Population trends and inequalities in incidence and short-term outcome of acute myocardial infarction between 1998 and 2007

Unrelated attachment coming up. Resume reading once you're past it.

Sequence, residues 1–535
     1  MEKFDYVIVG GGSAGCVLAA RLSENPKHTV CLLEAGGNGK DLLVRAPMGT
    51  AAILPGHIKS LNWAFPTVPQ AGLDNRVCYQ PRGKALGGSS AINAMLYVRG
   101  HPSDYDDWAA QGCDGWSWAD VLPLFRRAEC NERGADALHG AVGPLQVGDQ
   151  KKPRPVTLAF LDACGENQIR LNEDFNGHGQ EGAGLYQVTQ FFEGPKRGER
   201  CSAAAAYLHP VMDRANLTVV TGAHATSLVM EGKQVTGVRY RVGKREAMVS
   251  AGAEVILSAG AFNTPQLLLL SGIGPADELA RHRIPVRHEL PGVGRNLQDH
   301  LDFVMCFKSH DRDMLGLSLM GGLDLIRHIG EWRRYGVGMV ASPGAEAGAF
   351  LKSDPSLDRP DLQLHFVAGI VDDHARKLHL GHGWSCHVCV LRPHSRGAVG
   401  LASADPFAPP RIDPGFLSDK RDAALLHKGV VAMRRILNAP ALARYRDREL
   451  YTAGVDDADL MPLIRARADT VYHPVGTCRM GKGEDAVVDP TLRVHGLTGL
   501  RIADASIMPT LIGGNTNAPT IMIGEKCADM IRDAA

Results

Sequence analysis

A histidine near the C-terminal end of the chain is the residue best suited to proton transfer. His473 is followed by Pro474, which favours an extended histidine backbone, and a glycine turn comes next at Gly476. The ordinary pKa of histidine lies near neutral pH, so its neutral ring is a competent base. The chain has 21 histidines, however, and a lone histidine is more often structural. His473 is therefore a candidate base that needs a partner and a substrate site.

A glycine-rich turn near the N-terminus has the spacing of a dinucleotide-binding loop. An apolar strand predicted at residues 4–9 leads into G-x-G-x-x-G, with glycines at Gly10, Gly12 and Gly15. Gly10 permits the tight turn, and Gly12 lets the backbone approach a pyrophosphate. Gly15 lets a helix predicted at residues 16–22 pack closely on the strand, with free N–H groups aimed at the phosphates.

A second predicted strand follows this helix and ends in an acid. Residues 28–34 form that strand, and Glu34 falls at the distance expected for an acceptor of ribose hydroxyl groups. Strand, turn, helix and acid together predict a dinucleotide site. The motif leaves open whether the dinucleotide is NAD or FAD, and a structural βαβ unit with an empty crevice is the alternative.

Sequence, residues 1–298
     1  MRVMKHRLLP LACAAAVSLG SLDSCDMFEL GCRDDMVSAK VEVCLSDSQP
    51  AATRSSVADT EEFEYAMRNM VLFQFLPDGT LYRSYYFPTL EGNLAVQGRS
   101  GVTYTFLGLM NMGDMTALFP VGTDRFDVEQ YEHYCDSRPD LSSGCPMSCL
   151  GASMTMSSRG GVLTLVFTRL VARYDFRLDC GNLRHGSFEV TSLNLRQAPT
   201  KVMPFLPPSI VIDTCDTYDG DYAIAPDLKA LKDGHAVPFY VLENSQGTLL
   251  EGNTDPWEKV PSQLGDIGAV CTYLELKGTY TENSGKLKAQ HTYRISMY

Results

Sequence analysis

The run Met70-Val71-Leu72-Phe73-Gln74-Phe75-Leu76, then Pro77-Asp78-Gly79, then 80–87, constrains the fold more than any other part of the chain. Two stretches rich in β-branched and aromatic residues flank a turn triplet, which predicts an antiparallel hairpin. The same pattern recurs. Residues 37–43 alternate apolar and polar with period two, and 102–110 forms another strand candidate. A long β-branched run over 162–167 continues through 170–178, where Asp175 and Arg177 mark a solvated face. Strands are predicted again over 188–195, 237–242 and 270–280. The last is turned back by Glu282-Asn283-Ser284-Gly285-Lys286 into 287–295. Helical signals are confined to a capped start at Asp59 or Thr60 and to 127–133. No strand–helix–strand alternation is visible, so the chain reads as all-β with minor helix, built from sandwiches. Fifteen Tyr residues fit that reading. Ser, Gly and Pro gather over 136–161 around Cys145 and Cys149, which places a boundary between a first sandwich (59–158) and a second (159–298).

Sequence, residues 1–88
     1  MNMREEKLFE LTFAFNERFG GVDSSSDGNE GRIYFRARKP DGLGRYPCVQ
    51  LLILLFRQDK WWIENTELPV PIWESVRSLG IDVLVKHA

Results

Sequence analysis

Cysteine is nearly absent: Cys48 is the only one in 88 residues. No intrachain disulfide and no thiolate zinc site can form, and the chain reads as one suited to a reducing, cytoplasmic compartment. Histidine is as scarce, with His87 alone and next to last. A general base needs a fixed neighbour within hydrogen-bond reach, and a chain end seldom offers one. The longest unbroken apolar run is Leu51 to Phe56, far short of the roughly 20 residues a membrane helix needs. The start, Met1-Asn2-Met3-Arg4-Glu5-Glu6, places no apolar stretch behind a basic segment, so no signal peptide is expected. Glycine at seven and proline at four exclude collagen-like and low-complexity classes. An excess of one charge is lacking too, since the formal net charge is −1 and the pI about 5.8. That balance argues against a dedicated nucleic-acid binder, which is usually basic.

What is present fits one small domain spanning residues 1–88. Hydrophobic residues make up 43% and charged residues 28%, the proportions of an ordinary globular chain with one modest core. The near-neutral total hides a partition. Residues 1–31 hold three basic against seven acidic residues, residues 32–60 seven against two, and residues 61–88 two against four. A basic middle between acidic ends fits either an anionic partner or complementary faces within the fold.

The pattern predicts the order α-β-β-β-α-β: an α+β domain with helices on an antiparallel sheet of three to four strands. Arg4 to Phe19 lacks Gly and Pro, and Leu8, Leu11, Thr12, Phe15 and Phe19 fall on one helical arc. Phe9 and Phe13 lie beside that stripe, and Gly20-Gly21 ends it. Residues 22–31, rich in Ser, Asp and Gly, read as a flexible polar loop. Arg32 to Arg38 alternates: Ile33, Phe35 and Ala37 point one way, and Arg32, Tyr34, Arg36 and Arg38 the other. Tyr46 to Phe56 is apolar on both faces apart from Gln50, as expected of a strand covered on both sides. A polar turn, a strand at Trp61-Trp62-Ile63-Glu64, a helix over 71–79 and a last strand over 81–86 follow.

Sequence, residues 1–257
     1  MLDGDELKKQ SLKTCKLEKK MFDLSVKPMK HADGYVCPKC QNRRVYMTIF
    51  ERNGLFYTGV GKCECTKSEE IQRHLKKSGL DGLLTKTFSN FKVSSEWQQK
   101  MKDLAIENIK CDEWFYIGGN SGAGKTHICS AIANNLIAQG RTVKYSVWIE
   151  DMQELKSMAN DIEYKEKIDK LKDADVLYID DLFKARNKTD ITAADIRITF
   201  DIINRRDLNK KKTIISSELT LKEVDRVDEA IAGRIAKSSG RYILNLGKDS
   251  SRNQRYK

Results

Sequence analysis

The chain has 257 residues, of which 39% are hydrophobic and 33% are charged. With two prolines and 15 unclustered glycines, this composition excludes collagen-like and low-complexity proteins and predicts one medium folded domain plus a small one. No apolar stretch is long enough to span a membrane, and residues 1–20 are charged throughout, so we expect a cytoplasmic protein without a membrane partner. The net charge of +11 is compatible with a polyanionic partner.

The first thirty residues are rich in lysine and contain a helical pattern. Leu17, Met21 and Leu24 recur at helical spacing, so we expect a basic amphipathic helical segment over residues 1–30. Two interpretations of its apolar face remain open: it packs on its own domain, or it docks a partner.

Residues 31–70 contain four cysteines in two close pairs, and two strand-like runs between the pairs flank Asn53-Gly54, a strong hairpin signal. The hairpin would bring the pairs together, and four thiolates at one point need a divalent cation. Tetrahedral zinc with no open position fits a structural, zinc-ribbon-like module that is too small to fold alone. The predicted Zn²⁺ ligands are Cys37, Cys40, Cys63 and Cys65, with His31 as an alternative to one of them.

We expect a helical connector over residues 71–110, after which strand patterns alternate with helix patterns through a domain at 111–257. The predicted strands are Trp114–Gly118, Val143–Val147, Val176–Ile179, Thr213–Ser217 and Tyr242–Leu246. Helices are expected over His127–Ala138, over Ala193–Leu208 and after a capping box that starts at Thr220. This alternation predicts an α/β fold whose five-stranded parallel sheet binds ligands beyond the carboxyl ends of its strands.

ABSTRACT OBJECTIVE: We studied time trends in acute myocardial infarction (AMI) incidence, including out-of-hospital mortality proportions and hospitalized case-fatality rates. In addition, we compared AMI trends by age, gender and socioeconomic status. METHODS: We linked the national Dutch hospital discharge register with the cause of death register to identify first AMI in patients ≥35years between 1998 and 2007. Events were categorized in three groups: 178,322 hospitalized non-fatal, 43,210 hospitalized fatal within 28days, and 75,520 out-of-hospital fatal AMI events. Time trends were analyzed using Joinpoint and Poisson regression. RESULTS: Since 1998, age-standardized AMI incidence rates decreased from 620 to 380 per 100,000 in 2007 in men and from 323 to 210 per 100,000 in 2007 in women. Out-of-hospital mortality decreased from 24.3% of AMI in 1998 to 20.6% in 2007 in men and from 33.0% to 28.9% in women. Hospitalized case-fatality declined from 2003 onwards. The annual percentage change in incidence was larger in men than women (-4.9% vs. -4.2%, P<0.001). Furthermore, the decline in AMI incidence was smaller in young (35-54years: -3.8%) and very old (≥85years: -2.6%) men and women compared to middle-aged individuals (55-84years: -5.3%, P<0.001). Smaller declines in AMI rates were observed in deprived socioeconomic quintiles Q5 and Q4 relative to the most affluent quintile Q1 (P=0.002 and P=0.015). CONCLUSIONS: Substantial improvements were observed in incidence, out-of-hospital mortality and short-term case-fatality after AMI in the Netherlands. Young and female groups tend to fall behind, and socioeconomic inequalities in AMI incidence persisted and have not narrowed.